Monday, 14 June 2010

Virginia Woolf - Hermione Lee

During my teenage years I rode the train to and from school. Twice a day I passed the spot where Virginia Woolf drowned. Even given the changes since those dark days, the contrast always gave me pause for thought. I used to cycle and walk out that way as well, enjoying the peace, the wildlife, the beauty.

Naturally, I looked at Woolf’s writing; which was enough for me. The woman was a genius with words. I have since revisited her books a number of times, each exploration revealing more about her and more about me. Yet I could never quite wrap my head around the way her life closed in on her so acutely she could think of only way out.

Having now read Hermione Lee’s superb biography I now begin to understand. It is only a beginning, but that is usually the best place to start. I am not a big reader of biographies, especially of writers. As one myself, I know that the great bulk of their lives involves sitting at a table putting words on paper. Not very interesting in itself. And in many cases, their life is irrelevant to the finished product. But when the writer uses their own life and experience as the basis for their exploration of the human condition, then their life is often key to their interpretation.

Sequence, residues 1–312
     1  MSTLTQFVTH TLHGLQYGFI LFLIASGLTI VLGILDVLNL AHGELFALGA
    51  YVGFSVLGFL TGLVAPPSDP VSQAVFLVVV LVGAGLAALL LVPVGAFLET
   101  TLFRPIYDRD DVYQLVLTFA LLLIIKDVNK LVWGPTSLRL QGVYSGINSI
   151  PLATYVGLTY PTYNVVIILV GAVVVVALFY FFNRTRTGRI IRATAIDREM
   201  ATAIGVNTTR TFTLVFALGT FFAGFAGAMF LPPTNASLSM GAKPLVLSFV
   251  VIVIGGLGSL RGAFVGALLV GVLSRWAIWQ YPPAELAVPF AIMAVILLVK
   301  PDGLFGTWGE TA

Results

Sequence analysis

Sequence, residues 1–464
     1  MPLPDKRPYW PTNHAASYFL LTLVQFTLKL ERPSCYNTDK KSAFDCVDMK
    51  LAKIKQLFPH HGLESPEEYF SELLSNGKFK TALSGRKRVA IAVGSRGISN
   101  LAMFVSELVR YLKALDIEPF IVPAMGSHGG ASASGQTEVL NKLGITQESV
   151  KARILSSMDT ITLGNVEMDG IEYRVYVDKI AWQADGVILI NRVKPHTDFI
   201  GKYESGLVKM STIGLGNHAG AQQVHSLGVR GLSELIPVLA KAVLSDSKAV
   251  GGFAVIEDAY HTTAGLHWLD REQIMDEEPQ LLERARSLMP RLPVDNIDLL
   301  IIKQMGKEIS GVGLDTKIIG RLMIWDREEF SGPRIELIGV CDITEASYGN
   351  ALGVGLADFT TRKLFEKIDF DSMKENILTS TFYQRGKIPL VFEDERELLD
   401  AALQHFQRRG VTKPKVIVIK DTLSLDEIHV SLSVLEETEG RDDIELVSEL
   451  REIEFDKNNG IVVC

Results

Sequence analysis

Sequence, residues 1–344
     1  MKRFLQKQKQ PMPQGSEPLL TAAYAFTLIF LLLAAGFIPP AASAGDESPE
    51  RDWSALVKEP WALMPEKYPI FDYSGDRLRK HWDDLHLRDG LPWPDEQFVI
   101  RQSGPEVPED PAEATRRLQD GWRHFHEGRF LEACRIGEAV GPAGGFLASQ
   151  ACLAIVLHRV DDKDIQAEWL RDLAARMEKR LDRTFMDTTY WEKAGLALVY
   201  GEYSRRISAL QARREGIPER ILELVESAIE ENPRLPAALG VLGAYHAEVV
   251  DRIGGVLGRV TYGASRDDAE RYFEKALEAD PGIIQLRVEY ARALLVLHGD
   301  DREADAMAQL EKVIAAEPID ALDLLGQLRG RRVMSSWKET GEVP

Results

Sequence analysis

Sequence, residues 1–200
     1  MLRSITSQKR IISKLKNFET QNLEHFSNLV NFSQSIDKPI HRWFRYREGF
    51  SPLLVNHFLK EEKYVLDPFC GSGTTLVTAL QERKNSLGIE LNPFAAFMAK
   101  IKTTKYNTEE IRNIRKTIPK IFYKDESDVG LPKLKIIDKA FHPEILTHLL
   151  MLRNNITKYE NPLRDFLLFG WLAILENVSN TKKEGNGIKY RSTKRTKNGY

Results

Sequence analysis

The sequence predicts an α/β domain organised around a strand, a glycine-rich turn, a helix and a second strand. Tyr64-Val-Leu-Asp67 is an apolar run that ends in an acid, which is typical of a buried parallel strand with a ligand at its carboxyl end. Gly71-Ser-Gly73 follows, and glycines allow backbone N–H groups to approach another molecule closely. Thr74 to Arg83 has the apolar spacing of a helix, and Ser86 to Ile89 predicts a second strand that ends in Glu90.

The other reason I do not often read biographies is that they are usually dull reading. The author either sticks to recounting a series of events or tries to analyse them and ends up making a pigs ear of the silken purse they were first handed. Hermione Lee avoids all the pitfalls. Yes, she recounts the events of Woolf’s life. Yes, she attempts an analysis. But she manages both with great style, with vitality, sympathy, and considerable insight.

At no time does she shy away from Virginia Woolf’s difficult side (which Woolf herself was all too often painfully aware of), yet she treats this with an even-handed approach. Some of it can be explained, but people are often what they are and we have to take them as a whole. Just as we have to take the harrowing episodes in her early life along with the desperately dark inner turmoil that would squeeze the joy out of her life.

Unlike most biographies that leave me feeling like I know a character better, this one has left me feeling I know a real person a lot better. It is a model of biographical writing: scholarly and inclusive, warm and caring. I no longer travel past where Virginia Woolf died. I do not know if I will ever return to that part of the world. But I do know the unquiet ghost of my own lack of understanding will have begun to fade. I hope Virginia Woolf’s spirit has found peace because she has made my world a better place.